NNAMDIShe's also the author of numerous novels and a memoir called "Warm Springs." 800-433-8850 is the number to call. We'll start with Lisa in Charles Town, W. Va. Lisa, you're on the air. Go ahead, please.
LISAHi, yeah, I wanted to reiterate about the age that we start reading these books. We were assigned "Moby Dick" in an advanced reading at age 16 in high school and I just didn't get it. And I just didn't understand why we were reading it. I didn't identify with any of the characters or anything. And then as an adult, I was given this beautiful copy of it, leather bound, gold pages, beautiful illustrations.
LISAAnd I was an adult and I could recognize characters by people that I'd met, people that I knew. I had so much more perspective. And I think, just reading the book itself was much more pleasurable then reading the, you know, the terrible paperback copies you're given as a high school student, but also just having more affinity to the different types of people that you've met as an adult that you can see in those characterizations in book.
LISAI just don't believe Melville ever wrote that book, to think that 16-year-olds are (unintelligible) olds are going to read it. He was writing it for adults. And even, you know, 30, 40 years ago, 16-year-olds were not adults. I think that had a lot to do with, you know, my finally reading it as an adult. But also having the pleasure of reading a real book and I don’t get that same pleasure when I read an e-reader. So I just wanted to add that...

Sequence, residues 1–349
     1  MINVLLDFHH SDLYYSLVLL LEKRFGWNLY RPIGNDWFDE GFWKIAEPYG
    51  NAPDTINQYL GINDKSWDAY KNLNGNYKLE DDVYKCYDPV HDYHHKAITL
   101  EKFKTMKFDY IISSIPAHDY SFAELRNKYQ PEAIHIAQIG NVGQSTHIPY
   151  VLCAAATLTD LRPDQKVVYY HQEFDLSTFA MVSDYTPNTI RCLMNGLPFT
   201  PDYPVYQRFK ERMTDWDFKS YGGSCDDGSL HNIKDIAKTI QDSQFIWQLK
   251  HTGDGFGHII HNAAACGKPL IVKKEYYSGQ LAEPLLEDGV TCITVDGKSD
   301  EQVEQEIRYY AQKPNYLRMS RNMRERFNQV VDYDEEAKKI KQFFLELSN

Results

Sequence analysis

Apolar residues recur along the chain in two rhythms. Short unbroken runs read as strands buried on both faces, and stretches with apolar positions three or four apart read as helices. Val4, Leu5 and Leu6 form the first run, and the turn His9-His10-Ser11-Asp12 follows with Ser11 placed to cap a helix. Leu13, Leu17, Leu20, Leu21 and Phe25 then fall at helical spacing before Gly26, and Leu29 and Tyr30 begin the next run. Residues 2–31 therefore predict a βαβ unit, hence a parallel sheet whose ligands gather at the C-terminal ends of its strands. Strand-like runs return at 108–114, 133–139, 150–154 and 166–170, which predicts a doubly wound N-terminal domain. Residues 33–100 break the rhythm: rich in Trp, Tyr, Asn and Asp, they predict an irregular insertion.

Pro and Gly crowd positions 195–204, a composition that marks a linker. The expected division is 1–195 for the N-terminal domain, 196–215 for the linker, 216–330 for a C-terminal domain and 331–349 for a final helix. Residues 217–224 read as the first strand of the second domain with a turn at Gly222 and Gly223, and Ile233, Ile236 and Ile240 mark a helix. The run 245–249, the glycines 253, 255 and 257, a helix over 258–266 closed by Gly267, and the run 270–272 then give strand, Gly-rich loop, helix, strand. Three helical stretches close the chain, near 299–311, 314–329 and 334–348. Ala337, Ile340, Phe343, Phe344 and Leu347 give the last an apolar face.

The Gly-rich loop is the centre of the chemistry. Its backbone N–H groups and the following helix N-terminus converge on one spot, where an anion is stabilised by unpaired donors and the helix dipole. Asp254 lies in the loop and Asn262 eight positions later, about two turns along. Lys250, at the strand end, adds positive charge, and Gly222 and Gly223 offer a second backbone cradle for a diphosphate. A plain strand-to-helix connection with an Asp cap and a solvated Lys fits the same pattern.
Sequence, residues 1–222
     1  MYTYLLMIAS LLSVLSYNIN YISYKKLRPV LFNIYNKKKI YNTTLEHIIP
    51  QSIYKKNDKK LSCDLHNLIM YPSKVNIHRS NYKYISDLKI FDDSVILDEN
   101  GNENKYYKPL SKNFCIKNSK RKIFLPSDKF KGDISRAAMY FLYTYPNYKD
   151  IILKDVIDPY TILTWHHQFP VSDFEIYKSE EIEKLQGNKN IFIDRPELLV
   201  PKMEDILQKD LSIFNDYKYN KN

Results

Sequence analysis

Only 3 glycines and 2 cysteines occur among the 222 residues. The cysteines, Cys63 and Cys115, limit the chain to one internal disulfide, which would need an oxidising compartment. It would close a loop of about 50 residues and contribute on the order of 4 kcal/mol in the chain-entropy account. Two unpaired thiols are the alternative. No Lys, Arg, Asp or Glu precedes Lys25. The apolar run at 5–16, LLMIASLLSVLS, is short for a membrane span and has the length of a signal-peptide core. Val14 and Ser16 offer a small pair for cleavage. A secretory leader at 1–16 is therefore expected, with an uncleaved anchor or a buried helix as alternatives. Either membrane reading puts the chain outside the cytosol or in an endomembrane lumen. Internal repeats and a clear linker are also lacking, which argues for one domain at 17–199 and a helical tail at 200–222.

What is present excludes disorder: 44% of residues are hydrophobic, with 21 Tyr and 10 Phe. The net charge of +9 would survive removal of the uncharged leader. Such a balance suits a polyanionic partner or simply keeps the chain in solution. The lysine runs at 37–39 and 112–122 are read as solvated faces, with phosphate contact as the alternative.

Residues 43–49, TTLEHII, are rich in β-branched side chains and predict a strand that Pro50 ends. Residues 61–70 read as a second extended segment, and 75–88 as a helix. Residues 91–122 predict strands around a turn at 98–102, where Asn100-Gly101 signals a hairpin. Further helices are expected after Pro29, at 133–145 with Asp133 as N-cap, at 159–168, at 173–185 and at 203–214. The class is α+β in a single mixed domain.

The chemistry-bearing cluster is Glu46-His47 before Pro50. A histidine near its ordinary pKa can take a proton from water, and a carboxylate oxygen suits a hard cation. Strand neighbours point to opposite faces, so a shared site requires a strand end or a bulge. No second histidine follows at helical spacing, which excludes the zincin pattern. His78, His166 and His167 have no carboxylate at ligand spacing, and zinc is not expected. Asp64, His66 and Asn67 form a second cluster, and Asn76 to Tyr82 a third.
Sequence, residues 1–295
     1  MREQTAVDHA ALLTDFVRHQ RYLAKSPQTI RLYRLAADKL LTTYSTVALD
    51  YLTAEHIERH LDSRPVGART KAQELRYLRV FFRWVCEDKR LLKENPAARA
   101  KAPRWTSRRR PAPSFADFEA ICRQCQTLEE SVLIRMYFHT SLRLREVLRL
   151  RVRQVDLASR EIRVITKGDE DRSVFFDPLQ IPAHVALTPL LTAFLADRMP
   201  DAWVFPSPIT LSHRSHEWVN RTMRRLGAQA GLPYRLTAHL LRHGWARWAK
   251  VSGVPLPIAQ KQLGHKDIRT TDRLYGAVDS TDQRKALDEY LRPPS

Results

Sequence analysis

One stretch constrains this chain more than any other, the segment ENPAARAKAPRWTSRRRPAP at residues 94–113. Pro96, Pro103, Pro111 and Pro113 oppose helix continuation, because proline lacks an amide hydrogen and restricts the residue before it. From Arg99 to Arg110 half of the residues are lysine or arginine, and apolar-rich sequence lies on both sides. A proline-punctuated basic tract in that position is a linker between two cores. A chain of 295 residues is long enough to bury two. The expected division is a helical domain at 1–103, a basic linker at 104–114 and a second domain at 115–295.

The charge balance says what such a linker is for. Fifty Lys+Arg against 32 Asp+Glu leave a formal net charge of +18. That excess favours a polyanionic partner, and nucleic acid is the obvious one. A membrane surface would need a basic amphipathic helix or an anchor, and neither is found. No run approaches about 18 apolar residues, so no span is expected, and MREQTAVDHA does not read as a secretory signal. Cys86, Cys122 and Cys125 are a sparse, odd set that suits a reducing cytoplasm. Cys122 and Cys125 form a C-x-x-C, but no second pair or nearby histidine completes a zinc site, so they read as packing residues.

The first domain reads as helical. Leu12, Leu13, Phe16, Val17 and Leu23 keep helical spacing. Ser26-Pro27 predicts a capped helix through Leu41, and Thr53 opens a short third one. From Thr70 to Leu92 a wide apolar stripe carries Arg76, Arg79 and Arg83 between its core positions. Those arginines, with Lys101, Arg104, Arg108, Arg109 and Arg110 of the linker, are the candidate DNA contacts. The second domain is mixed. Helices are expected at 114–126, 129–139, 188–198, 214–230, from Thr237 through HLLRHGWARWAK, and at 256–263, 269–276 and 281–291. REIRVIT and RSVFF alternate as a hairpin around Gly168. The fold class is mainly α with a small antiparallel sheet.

NNAMDIWe'll get to e-readers in a second. But, Nat, I'd like you to talk about -- what about the 16 or 17-year-old who reads "Moby Dick" and gets it?
PHILBRICKYeah, it's -- it depends. Hemmingway, for example, was very proud that he had read it in high school. And, you know, and it clearly affected where he would, you know, he'd end up in Key West and bringing in the big ones and things like that. It depends, you know, I was -- I really loved the book as a senior because I was a sailor in Pittsburgh, Pa. and was infatuated with the ungraspable phantom of life, the sea and that's how "Moby Dick" begins.
PHILBRICKYou know, so if you have a personal way in, yeah, that maybe enough. But if you don't, Melville was an example of a guy. He, you know, he went whaling and it wasn't until his late 20s that he first seriously read Shakespeare. And, like, the listener, just -- he found a copy, an edition of Shakespeare which had large type, and already his eyes were beginning to bother him from his time out in whaling.
PHILBRICKAnd this big type edition of Shakespeare was a delight for him. And he really discovered Shakespeare in his late 20s. And it had a huge impact on the pros that is very Shakespearian that would become the basis of "Moby Dick."
NNAMDIOnto Meegan (sp?) in Tacoma Park, Md. Meegan, you're on the air. Go ahead, please.
MEEGANHi, I grew up in a family that read a lot, my parents read to us bedtime stories until we went off to college. And I'm following that with my kids and we've come across and read aloud a lot of young adult classics. But I'm also a reading teacher, high school reading teacher and I, you know, understandably with teaching reading skills to juniors and seniors.